The Electronic Telegraph
Tues 28th October 1997
Computers have yet to replace paper volumes, but bibliophile Paul Fisher argues that the cerebral quality of reading is threatened by new technology
The collapse of literacy has been a consistent strand of literary futurism. Here's a typical example from The Machine Stops: "Thanks to the advance of science... all the old literature, with its praise of Nature and its fear of Nature, rang false as the prattle of a child." In this story one remaining book, a "survival from the age of litter", is a cross between instruction manual and Bible.
No surprise, then, that the tale ends in apocalypse. What's remarkable is that E.M. Forster was writing before the First World War to predict the "faint glow" of screens (he called them plates) linked by "pneumatic post" and telephones. He also anticipated the tone of later sci-fi dystopias.
Forster's short story has many echoes in Neal Stephenson's The Diamond Age, published in 1995. Physical necessities arrive at the push of a button and isolated individuals with silly names (Forster: Vashti and Kuno; Stephenson: Dr X and John Hackworth) survive shattered families to challenge an automated totalitarian world.
Stephenson tells of an illiterate underclass who understand only mediaglyphs pumped at them through ubiquitous screens. Little Nell, an orphan, is fortunate: her brother steals a book prepared by a nanotechnologist to educate a daughter of the ruling caste in old questioning and subversive ways. The Young Lady's Illustrated Primer is a speaking book (never, in Stephenson's book, an interactive computer) which teaches Nell to read and then think for herself.
The fantastic, sprawling narrative is a book about books and central to it is one character's observation that "a book is different - it is not just a material possession but the pathway to an enlightened mind and thus to a well ordered society". Thus a writer billed as "hottest postcyberpunk" is close in spirit to E.M. Forster, one of the century's hottest liberal prose stylists.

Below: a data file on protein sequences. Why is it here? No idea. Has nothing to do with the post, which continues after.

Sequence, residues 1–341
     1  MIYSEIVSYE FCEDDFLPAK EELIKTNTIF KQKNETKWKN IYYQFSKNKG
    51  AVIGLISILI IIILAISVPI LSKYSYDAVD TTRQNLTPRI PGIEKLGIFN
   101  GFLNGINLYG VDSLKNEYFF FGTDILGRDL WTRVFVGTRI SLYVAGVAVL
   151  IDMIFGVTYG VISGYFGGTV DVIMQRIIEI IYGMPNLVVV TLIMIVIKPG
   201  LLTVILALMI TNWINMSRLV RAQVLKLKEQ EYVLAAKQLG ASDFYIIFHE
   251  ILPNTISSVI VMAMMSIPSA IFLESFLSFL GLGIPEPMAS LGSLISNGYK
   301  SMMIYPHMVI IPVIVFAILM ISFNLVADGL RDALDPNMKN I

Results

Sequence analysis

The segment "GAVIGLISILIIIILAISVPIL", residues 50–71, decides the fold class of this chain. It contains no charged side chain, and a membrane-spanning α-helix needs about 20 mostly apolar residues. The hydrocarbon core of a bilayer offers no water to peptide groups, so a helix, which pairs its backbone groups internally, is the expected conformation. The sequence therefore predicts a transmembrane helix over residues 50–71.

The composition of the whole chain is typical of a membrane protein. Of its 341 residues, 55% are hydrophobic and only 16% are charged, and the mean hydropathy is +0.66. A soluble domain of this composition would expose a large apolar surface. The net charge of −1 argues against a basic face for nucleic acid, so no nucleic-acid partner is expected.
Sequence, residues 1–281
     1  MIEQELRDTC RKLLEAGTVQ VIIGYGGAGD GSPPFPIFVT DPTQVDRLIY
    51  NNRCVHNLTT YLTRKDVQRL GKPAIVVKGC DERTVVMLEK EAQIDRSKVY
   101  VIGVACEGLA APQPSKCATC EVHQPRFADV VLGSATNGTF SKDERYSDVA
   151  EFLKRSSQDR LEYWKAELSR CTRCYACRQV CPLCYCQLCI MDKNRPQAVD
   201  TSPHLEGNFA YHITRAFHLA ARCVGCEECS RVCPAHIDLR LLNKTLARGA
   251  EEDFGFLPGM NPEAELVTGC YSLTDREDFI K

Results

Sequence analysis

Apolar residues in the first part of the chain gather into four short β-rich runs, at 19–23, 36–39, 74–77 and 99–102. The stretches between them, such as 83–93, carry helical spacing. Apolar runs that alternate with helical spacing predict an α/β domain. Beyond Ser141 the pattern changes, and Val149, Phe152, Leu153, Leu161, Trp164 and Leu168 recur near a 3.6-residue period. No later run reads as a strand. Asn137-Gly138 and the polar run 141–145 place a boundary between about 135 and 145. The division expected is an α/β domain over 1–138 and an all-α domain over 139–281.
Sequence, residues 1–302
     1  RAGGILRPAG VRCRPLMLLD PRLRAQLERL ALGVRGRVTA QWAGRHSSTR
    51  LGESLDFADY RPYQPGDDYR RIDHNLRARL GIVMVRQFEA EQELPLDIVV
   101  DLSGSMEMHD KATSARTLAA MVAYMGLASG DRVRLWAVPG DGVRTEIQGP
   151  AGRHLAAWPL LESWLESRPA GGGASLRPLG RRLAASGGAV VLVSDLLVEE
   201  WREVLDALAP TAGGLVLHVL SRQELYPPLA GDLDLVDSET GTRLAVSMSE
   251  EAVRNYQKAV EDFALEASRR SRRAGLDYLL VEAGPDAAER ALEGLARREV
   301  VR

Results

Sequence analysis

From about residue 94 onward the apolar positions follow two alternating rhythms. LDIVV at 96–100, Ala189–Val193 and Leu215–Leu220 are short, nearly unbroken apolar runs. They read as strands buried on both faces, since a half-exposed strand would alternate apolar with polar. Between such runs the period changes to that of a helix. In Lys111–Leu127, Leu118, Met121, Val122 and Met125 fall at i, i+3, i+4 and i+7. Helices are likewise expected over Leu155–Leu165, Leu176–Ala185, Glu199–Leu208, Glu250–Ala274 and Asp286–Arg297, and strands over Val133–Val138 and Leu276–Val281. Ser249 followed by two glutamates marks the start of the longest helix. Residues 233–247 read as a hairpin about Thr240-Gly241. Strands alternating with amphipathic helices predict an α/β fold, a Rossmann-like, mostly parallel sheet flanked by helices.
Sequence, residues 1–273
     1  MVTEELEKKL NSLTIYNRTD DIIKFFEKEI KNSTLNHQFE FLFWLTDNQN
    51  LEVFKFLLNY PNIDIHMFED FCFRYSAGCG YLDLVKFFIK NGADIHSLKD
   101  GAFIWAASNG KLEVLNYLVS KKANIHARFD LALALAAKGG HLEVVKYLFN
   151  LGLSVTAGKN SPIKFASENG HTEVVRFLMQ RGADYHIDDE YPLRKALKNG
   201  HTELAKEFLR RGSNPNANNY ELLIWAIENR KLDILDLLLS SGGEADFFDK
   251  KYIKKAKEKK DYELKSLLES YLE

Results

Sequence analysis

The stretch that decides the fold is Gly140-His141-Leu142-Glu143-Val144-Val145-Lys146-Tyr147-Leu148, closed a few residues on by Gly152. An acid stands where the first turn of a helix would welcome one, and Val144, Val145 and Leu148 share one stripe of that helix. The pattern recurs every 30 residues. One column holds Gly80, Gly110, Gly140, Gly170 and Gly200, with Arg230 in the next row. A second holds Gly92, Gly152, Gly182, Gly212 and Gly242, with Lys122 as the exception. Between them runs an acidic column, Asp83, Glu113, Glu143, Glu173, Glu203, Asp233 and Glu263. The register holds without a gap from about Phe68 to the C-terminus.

The Machine Stops was a "reaction to the earlier heavens of H.G. Wells". Later heavenly visions, which suggest that computers are somehow superior to books, demand fresh reaction. In comparing computers and books the author Malcolm Bradbury is spot on when he says that if matches had been invented after cigarette lighters, we'd have marvelled at the improvement.
Just imagine the nonsense if computers were old tech and books promised connection to new forms of literacy. Minor royals might secure online space warning how young minds would overload when education wasn't delivered in brightly illustrated screen gobbets. Teachers would demand days off for book familiarisation. Lawyers would find clients suffering page turner's thumb and summon traditionalists to trace a text-scrolling lineage back to ancient Egypt.
Converts to the book, if they could be dragged from its pleasures, would scorn bulky electronic papyrus with its hum, flicker and tendency to go wrong. Tame academics, their departments of Concurrent Thinking dependent on subsidies from foreign publishers, would announce proof positive that books are read straight through. Guarantees of increased productivity would ooze from Book User magazine.